Lately, job creation has been about taking the good with the bad, and last week was no different.
Initial unemployment claims dropped more than expected last week, but monthly figures reflected a stagnating job market struggling to fight its way back into healthy territory.
Unemployment benefit applications fell 16,000 to a seasonally adjusted 414,000, the second drop in three weeks from the prior week's revised 430,000 figures — a good signal that firings are slowing down, the Labor Department said Thursday.
First-time applications have remained frustratingly high, staying above 400,000 for the past 10 weeks, a level higher than what economists say reflects a healthy job market. Earlier this year, claims had dropped to 375,000, a level that suggests a faster pace of growth.
But those gains came skidding to a halt in April when applications hit their most recent peak at 478,000, gradually recovering from there.
The job market's pace of improvement has matched the economy's recent sluggishness, hampered by high gasoline and food prices and a housing market that is probably two years away from regaining solid footing.
During the past couple of months, companies likely curtailed an anticipated pick-up in hiring as prices rose through the spring.
The economy hasn't offered much in the way of positive trends lately, but earlier this week corporate executives said once again that they are preparing to ramp up hiring through the rest of 2011, according to a survey conducted by the Business Roundtable.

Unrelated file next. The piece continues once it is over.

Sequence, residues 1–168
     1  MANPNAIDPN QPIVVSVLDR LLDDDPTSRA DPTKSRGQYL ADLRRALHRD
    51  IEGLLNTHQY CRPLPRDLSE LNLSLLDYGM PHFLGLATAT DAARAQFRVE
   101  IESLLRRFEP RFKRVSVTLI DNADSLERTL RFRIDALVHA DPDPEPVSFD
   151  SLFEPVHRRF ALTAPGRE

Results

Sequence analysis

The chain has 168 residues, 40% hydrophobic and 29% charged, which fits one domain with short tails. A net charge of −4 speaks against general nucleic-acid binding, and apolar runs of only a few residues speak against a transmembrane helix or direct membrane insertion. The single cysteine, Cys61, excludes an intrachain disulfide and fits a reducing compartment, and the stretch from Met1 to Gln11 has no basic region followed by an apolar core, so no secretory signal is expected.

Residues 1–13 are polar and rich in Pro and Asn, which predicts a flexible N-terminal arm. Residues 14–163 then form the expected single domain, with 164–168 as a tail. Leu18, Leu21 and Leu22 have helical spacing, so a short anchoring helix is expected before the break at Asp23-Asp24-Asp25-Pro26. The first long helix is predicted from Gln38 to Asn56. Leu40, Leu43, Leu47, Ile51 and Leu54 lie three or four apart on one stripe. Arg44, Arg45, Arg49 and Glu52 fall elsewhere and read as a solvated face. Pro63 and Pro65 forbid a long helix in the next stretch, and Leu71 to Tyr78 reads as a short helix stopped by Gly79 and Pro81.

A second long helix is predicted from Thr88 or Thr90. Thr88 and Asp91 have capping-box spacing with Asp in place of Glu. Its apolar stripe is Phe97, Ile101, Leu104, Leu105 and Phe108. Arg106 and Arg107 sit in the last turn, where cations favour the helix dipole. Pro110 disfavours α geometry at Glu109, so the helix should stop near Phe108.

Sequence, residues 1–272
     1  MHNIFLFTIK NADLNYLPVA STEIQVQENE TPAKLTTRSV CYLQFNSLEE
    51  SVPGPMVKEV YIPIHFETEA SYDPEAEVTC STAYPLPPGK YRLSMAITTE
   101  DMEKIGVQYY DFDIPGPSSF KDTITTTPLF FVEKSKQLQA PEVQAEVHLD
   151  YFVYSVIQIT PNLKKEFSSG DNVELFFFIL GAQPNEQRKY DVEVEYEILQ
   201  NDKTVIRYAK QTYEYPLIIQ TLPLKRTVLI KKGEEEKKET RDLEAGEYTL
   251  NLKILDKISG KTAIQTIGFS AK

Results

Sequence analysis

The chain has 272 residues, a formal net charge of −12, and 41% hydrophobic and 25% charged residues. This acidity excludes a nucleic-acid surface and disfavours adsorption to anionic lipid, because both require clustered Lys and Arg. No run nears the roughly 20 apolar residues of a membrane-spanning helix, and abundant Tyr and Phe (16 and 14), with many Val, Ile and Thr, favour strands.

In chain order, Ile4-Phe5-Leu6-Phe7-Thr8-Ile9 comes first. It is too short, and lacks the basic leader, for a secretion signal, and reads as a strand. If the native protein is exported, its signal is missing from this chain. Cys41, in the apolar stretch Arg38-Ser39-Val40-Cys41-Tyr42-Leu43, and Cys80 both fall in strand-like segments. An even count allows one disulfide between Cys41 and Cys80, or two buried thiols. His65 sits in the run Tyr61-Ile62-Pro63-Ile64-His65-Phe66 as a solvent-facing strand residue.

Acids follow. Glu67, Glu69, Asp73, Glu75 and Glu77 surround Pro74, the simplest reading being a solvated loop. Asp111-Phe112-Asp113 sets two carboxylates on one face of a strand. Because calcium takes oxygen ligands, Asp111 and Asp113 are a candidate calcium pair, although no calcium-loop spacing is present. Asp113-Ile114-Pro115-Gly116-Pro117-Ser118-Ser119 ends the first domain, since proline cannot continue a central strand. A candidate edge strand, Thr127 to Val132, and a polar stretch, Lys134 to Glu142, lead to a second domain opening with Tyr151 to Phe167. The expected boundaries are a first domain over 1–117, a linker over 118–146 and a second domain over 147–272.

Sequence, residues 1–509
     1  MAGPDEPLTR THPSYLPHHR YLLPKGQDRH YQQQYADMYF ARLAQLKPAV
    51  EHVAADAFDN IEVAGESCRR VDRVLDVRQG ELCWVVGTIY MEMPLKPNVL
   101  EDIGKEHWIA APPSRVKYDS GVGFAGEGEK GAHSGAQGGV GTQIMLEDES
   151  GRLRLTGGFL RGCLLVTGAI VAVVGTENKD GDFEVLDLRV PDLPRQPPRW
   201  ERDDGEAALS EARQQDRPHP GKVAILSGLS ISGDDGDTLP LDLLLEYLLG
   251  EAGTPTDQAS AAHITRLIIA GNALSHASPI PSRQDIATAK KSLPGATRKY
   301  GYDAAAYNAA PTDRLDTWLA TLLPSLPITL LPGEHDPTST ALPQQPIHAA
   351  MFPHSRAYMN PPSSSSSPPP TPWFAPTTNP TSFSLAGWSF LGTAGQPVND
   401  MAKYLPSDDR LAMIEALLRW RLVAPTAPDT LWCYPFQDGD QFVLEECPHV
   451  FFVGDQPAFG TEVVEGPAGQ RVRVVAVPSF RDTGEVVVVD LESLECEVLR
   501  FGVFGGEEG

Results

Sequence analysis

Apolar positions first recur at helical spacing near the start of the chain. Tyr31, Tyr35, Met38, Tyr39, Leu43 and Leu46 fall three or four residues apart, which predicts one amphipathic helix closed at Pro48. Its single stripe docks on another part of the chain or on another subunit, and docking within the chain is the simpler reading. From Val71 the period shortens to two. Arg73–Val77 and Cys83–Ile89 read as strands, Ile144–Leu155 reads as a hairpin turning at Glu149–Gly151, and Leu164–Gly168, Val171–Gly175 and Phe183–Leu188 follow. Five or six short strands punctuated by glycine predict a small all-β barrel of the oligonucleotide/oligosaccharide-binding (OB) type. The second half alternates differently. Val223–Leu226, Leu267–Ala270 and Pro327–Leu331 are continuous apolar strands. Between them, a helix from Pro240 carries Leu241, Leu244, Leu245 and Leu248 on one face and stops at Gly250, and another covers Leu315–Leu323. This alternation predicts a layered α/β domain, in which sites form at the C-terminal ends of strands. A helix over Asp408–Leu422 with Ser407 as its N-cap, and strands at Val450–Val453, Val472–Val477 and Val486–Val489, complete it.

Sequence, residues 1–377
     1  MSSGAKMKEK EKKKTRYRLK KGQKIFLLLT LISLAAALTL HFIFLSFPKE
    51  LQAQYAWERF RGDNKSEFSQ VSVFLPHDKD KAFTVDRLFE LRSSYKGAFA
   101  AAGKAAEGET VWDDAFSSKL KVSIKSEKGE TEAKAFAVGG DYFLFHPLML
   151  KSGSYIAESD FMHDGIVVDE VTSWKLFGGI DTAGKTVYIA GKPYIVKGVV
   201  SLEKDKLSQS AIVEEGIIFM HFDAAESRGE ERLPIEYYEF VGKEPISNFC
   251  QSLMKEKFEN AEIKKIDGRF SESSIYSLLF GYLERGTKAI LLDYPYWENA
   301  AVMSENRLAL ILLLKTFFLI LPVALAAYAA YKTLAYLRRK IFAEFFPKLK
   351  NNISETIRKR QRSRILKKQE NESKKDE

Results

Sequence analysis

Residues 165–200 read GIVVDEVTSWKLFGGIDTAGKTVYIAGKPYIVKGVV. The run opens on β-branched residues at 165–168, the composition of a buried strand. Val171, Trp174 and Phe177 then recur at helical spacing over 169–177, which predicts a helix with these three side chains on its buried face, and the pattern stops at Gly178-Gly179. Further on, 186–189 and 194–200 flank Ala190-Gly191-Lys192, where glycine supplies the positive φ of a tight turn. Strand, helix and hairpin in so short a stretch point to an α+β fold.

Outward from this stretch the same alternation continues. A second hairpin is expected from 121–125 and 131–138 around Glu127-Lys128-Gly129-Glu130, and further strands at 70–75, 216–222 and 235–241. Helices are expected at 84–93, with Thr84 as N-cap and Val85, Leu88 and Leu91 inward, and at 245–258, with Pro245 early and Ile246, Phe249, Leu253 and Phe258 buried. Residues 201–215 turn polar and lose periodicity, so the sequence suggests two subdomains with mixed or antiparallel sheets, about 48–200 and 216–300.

The survey, released Tuesday, found that 87 percent of the group’s CEOs expect higher sales over the next six months, and more than half plan to increase capital spending and U.S. hiring.
The survey showed slightly less confidence than three months ago, when 92 percent of those surveyed expected their sales to increase, but leaders of the group touted the survey as reflecting confidence the economy would move forward in the next six months.
“We continue to see an upward trend for the last six months of 2011,” said Ivan Seidenberg, chairman of the Business Roundtable and chairman and CEO of Verizon Communications.
Hiring is key to the economy's recovery, so more consumers have money in their pockets to fuel more spending, a component that represents 70 percent of the economy. In recent months, household budgets have been absorbed by those higher gas and food prices, leaving consumers with less money to spend on discretionary items.
Employers added only 54,000 net new jobs in May, much slower than the average gain of 220,000 per month in the previous three months, while the unemployment rate rose to 9.1 percent from 9 percent.
The number of people receiving unemployment benefits dropped 21,000 to 3.68 million, the lowest in two months.
For the week ending May 28, 7.4 million people received benefits, about 200,000 fewer than the previous week.
Those who’ve used up their 26 weeks of state benefits and are now collecting emergency and extended payments decreased by about 115,000 to 3.89 million in the week ending May 28.
Thirty-three states and territories reported a decrease in claims, while 20 reported an increase.
The largest increases in initial claims for the week ending June 4 were in Wisconsin (+1,528), Tennessee (+1,055), Illinois (+755), New Mexico (+659) and Indiana (+539), while the largest decreases were in New York (-4,060), California (-2,510), Massachusetts (-1,846), Georgia (-1,256) and Florida (-1,240).